And what temporary purposes did the Mosaic law serve? That law kept the nation of Israel apart from pagan nations so that the Son of God could come through it and to its people as their Messiah. That law also showed them their sinfulness and their need of a better sacrifice to take away sins. It foreshadowed that sacrifice as well as many other “good things.” Having served these purposes it was no longer needed. So from then on “let no man judge you in eating and drinking or in respect of a feast day or of an observance of the new moon or of a sabbath, for those things are a shadow of the things to come, but the reality belongs to the Christ.”—Heb. 10:1; Col. 2:16, 17, NW.
In fact, time and time again Paul stresses the truth that the Mosaic law does not apply to Christians. Thus he likens it to a “legal curtain” or wall separating the Israelites from other peoples, which the sacrifice of Christ took out of the way; it “destroyed the wall in between that fenced them off. By means of his flesh he abolished the hatred, the Law of commandments consisting in decrees.”—Eph. 2:14, 15, NW.
But perhaps at this point someone will object, saying, Did not God state that the Israelites were to “observe the sabbath throughout their generations, for a perpetual covenant,” and that it was to be “a sign between me and the children of Israel for ever”? True, but he also stated that their Aaronic priesthood was to be an “everlasting priesthood” and very obviously that priesthood long ago came to an end.—Ex. 31:16, 17; 40:12-16.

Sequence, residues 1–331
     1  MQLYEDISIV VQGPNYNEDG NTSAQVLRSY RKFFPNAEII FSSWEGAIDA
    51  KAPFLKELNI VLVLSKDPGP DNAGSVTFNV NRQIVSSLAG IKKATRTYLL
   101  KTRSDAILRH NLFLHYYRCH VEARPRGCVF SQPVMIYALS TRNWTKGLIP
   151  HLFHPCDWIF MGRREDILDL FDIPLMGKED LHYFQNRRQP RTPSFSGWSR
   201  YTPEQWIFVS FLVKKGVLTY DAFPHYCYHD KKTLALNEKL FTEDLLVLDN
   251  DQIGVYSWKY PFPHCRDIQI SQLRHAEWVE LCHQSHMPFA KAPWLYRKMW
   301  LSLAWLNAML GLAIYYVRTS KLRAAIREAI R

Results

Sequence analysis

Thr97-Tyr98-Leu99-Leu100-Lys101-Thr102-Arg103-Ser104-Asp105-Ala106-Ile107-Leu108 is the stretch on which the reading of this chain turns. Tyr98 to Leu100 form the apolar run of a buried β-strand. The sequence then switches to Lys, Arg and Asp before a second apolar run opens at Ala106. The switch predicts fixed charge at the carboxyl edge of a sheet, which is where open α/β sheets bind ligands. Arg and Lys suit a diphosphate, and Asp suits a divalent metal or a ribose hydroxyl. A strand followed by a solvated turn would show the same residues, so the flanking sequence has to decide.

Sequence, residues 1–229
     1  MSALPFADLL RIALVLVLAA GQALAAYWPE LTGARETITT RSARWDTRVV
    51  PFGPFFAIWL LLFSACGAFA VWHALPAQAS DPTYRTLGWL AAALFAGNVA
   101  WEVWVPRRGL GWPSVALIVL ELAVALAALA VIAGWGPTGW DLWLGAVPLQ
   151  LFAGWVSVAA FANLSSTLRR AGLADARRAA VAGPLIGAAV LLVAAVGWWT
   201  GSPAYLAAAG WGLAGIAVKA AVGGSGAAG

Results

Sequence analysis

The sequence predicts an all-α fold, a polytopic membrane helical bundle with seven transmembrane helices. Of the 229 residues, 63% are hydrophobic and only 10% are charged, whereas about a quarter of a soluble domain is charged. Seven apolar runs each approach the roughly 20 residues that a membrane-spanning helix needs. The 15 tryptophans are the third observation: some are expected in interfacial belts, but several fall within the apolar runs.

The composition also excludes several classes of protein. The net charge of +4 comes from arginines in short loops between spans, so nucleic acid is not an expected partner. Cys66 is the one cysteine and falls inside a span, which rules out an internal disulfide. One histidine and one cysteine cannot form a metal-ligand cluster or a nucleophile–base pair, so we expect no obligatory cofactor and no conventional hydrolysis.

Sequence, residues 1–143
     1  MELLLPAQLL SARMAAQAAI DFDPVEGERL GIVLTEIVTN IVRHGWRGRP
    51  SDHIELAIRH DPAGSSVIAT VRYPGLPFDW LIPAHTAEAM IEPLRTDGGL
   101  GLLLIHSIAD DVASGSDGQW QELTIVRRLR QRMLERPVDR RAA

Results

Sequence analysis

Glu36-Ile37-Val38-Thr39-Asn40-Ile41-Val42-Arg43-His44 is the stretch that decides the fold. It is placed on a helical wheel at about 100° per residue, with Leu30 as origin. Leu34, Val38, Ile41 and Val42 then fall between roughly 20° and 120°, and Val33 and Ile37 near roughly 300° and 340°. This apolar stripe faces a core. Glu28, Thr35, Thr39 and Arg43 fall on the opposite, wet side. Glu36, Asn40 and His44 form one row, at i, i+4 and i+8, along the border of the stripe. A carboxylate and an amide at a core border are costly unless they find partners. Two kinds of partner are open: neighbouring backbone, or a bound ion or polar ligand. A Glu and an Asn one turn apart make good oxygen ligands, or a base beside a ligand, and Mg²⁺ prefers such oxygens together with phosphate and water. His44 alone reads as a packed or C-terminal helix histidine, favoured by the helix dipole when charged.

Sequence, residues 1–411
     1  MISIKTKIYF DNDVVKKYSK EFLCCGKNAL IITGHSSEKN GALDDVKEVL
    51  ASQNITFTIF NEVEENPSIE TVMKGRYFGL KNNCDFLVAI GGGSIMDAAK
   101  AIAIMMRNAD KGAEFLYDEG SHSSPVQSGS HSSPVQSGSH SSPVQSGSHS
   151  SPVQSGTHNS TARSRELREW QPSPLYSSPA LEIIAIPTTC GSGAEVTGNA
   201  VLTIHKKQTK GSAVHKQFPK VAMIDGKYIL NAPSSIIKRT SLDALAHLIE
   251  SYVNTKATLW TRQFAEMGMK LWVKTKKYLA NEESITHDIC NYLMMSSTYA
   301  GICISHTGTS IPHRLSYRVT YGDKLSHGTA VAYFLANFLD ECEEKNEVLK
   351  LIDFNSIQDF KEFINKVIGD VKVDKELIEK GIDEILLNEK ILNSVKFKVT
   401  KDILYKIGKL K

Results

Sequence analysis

Then does the Bible not mean what it says? It does, but here the difficulty lies in the translation. The original Hebrew word here translated “for ever” and “perpetual” comes from a root that means to hide, to conceal, and therefore simply means to an indefinite or uncertain future time. That indefinite time may be forever, as at Ecclesiastes 1:4, where the transitoriness of human generations is contrasted with the permanence of the earth, or it can merely be to an indefinite future time, as obviously was the case with the Aaronic priesthood. That is why the New World Translation repeatedly renders ohláhm, the Hebrew word usually translated “ever,” as “time indefinite.” The law of Moses did last to an indefinite time and then came to an end.
Further objection to the Mosaic law’s coming to an end is based on Jesus’ words: “Do not think I came to destroy the Law or the Prophets. I came, not to destroy, but to fulfill; for truly I say to you that sooner would heaven and earth pass away than for the smallest letter or one particle of a letter to pass away from the Law by any means and not all things take place.” But note that Jesus did not say that the Law would never pass away or would always be binding, but that it would not pass away until it was all fulfilled. With the fulfillment of its prophetic patterns or shadows it did come to an end. And so we read regarding the law of Moses that God “has taken it out of the way by nailing it to the torture stake.” It therefore follows that Jesus’ subsequent words of censure to those breaking the Law and teaching others to do the same would apply only while that Law was in force.—Matt. 5:17, 18; Col. 2:14, NW.